Monday 18 December 2017

Citizens now openly defying struggling regime

Damien McElroy in Tripoli

Medhi Abdelmoshin had cast himself in the mould of Muammar Gaddafi. But in a gesture of personal defiance yesterday, he asked the barber to shave off his curly black-dyed hair.

As the razor cut to a close grey crop, he inspected himself and declared he was a man transformed.

The last straw, the 59-year-old dentist said, was Col Gaddafi's speech to loyalists at his Bab al-Azizia headquarters on Tuesday night.

"He said there were demonstrations supporting him everywhere. He said fascists were attacking Libya," he said. "It's all lies."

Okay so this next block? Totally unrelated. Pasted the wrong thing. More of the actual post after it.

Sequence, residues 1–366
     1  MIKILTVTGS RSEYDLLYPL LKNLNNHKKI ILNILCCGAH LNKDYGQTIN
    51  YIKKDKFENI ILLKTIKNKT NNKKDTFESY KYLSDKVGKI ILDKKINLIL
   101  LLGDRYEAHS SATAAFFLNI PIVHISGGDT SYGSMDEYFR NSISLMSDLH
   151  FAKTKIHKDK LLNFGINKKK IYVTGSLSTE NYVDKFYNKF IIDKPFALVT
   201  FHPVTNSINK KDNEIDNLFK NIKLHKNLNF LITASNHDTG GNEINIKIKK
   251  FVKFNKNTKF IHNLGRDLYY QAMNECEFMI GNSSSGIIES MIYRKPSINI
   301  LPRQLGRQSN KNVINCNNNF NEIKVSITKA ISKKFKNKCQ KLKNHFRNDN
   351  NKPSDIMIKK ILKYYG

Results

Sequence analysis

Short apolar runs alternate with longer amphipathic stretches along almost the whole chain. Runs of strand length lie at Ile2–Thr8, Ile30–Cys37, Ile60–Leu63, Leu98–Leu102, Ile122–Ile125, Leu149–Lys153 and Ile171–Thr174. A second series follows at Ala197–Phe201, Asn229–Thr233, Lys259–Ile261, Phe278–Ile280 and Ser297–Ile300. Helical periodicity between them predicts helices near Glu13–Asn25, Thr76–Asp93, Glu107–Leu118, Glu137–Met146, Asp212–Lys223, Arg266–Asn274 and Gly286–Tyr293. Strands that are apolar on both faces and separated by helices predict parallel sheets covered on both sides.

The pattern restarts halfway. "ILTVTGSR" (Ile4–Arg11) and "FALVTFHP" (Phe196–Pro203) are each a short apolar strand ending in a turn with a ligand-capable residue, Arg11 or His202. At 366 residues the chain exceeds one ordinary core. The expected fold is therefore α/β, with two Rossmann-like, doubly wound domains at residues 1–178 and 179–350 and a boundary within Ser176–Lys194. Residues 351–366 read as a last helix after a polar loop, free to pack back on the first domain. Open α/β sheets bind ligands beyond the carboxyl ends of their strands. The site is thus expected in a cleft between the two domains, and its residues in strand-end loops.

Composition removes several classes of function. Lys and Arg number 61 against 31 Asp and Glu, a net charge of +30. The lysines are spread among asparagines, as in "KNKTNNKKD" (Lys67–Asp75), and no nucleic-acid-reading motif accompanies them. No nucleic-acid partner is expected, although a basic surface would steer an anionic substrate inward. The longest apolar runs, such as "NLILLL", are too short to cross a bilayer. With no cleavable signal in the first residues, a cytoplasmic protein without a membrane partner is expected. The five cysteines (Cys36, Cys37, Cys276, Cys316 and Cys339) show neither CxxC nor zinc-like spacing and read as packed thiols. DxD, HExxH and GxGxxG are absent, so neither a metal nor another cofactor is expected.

Just weeks ago, Libyans would have been too cowed by the regime's agents to speak out against the long-serving Brother Leader.


After crushing demonstrations on the streets of Tripoli last month, Gaddafi told the BBC that "all" his people loved him. With Libya under attack from an international coalition, it is inescapable that Gaddafi is struggling to mobilise support.

At a market in Tripoli, people were dismissive of the government's claims that the attacks were designed to colonise Libya.

"His days are done. We need to step from darkness into light," a stallholder said.

State television's efforts to show burgeoning support for the regime were widely mocked.

Only a few hundred cheered Gaddafi in person as he made his first public appearance since the bombing began.

After being accused of using mercenaries to fight at the front line, Gaddafi yesterday drafted in African migrants to lead protests at his compound.

The claim that Gaddafi "lives in every heart" rings hollow. Tripoli is a city where betrayal lurks in every corner. (© Daily Telegraph, London)

Irish Independent

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